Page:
Khalid Zaheer
“I am convinced about the veracity of my opinions, but I do consider it likely that they may turn out to be incorrect. Likewise, I am convinced about the incorrectness of the views different from mine, but I do concede the possibility that they may turn out to be correct.” — Imam Shafa’i

Does Qur'an Allow Husbands to Beat Up Wives? (5)

Question:
I lived all my life in Pakistan and I belong to a middle class family, so I can easily say that I belong to the masses. According to my experience, women who tolerate husband's bossy attitude not because of any religious obligation but due to the fact that they are financially dependent on their husbands. The only reason why divorce rate is getting higher in Pakistan is that women are now becoming financially independent. I saw 60% women in a prestigious engineering university of Pakistan, and this percentage is increasing. I am seeing many couples where wife is earning higher than the man. Ironically, in our society young men want pretty women for marriage with a professional degree and a good job. Do you think in this era, the provision of wife beating is becoming irrelevant? Women gave birth to their kids, do job inside and outside, so that the man can lead a smooth life and then he can say that I AM YOUR BOSS & I CAN BEAT YOU. He will never say that. I saw many men who urge their wives to do job during and after pregnancy, even if the wife is not willing to do that. If the wife refuses, do you think it is a revolt against the husband and the husband can separate bed and then beat his wife?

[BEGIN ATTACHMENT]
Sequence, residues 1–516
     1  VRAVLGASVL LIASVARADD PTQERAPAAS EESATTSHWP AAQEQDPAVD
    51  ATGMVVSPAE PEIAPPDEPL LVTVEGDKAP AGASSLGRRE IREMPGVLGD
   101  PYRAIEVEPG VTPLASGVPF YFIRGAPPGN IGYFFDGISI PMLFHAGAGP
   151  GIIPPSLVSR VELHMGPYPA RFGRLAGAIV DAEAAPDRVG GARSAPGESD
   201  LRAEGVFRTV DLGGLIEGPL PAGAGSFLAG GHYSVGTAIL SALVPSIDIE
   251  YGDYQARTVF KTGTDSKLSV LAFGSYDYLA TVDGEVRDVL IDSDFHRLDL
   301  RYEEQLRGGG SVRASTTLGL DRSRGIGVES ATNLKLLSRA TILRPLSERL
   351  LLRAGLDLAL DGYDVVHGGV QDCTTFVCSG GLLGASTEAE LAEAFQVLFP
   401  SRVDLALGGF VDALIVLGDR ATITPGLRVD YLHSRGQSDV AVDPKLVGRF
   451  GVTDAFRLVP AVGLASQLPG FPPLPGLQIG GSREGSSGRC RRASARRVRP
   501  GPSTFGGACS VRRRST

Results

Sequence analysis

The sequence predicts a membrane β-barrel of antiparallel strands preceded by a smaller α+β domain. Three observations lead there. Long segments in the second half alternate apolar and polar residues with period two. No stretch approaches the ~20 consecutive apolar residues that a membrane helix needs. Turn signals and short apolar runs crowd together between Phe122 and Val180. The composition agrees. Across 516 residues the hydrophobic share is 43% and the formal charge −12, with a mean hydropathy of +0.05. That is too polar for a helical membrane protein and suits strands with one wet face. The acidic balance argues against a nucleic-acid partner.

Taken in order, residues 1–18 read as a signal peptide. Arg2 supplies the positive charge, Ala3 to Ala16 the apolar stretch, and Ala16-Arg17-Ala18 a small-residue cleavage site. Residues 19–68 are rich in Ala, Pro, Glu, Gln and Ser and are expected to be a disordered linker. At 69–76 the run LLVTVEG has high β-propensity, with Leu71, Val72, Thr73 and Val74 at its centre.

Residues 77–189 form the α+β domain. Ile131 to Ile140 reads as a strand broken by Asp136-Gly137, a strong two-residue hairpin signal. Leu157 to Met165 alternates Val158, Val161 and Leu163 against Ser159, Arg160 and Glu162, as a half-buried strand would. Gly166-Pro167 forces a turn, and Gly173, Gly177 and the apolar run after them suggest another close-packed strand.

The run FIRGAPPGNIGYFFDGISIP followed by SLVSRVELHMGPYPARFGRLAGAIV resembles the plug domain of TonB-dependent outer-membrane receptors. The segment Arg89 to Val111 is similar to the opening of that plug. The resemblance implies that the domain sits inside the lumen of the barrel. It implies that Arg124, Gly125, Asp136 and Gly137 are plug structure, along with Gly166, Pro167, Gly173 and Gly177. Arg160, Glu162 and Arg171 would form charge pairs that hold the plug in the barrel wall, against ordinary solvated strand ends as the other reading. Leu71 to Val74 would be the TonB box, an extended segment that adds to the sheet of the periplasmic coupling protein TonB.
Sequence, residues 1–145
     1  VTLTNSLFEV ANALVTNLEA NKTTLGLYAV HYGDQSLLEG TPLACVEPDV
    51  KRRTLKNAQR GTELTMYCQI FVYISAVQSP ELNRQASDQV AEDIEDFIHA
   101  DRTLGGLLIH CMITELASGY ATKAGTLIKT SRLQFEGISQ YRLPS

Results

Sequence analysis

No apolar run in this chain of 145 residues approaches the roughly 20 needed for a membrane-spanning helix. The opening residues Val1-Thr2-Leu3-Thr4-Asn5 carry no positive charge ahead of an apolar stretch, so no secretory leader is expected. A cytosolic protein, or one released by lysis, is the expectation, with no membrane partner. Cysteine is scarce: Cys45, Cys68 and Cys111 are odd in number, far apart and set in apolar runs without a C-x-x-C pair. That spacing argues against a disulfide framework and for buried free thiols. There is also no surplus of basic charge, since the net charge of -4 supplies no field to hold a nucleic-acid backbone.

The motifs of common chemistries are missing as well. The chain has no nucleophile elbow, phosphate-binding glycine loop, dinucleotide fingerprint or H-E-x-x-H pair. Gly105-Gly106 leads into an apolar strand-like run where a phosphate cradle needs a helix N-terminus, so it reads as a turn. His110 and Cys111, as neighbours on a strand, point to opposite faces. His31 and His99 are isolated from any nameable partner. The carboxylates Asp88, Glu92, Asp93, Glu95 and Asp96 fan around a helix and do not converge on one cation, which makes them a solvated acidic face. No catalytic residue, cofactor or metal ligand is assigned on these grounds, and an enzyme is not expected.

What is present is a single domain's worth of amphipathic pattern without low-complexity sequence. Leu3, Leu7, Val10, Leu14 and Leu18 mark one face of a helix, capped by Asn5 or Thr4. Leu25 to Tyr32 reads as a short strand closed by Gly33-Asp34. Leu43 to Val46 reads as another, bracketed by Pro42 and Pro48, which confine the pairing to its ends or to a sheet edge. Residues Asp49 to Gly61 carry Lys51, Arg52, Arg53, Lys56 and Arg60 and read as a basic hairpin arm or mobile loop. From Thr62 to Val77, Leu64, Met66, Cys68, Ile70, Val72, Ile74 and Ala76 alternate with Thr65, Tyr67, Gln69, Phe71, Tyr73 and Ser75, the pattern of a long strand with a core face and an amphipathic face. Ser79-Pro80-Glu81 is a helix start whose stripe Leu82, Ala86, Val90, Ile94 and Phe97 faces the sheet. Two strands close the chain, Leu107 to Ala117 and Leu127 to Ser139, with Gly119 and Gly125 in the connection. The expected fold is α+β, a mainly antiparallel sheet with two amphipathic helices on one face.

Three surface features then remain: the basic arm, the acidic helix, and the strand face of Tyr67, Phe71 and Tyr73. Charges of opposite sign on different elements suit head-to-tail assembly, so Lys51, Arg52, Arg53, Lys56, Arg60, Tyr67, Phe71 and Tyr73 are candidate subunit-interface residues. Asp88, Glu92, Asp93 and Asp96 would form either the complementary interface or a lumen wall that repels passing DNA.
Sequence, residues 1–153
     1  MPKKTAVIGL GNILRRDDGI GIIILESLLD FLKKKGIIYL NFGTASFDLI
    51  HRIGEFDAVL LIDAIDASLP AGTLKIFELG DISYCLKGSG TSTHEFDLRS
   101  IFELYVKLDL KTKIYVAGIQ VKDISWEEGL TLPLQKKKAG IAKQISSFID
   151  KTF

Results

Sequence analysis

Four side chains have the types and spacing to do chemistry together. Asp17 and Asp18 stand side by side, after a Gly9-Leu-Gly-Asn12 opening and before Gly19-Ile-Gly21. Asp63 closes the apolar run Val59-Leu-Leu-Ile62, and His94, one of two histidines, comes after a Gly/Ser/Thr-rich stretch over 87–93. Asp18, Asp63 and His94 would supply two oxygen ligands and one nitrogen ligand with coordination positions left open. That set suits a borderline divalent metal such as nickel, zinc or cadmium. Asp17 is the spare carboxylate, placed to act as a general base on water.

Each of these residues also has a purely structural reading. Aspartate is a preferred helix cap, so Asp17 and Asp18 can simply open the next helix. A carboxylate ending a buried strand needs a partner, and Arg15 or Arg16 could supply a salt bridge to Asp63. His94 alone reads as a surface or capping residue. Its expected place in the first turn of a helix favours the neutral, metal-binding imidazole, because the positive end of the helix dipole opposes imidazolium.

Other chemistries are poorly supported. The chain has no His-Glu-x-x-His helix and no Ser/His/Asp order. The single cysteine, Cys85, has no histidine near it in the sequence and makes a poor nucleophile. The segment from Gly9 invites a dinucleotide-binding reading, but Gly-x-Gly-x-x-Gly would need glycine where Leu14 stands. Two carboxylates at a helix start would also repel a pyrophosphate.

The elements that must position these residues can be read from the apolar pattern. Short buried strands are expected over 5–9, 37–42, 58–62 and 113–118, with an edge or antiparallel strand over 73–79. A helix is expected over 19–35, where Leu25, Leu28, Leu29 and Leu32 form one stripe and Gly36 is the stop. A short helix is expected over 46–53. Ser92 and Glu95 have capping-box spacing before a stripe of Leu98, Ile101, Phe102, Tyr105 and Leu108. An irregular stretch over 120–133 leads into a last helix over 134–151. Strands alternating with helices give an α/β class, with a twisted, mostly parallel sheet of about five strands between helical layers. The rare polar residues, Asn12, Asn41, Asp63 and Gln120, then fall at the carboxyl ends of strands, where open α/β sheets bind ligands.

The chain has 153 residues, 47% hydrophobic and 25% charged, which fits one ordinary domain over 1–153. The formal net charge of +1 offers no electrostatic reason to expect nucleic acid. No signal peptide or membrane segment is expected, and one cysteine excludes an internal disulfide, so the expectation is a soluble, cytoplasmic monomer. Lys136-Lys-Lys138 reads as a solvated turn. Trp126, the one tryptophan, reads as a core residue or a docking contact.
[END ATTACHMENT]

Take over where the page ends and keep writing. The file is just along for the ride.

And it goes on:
And why divorce is an evil? Look at Saudi Arabia where the divorce rate is higher than any Muslim country. Do you think their family structure is broken. No, not at all. And the reason behind is their wealth and the prosperity they are enjoying from oil industry.

What I understand that every Islamic law is based on wealth distribution and financial dependency of a person on another. If this dependency shifted, then the law is also shifted.

Like, for example, I have a female cousin who is single and living in Canada and has a great career. When her parents died, her brother (who lives in Pakistan), distributed their parents wealth equally among them (not according to Islamic teaching that give more share to brother) and he said " My sister is not dependent on me and this makes unfair of me if I took more share from my parents wealth".

Response:
Wife beating is not a rule; it's a possibility which will arise only in the presence of certain conditions. Revolt against the husband is one of them. The very premise of the Qur'anic verdict of a man becoming the head of a family is based on his natural abilities and his ability to earn for the family. When one of them drops, so does his possibility of exercising control over her.

In case of an earning lady possibilities of husbands beating them up are remote even otherwise.

Divorce is bad for the children and in many cases for the otherwise sincere and sensitive spouses too. Some people can use divorce to experience many spouses. We can't talk about the question whether divorce is good or not on the basis of experiences and tastes of such people. What is happening in Saudi Arabia is not necessarily an ideal for Muslims to follow.

A wife can always ask and even bind her husband to not use the third option (of beating her up) ever and divorce her before that stage reaches.

The distribution of wealth done by the brother was in complete defiance of the law of inheritance. There is no mention in the Qur'an that the laws of Shari'ah are based on "wealth distribution and financial dependency of a person on another". In fact, God Almighty has stated the rationale of the inheritance law thus: "You don't know who is closer to you in benefit". In other words, it is only Allah who knows the relative who is closer in benefit to the dying individual.

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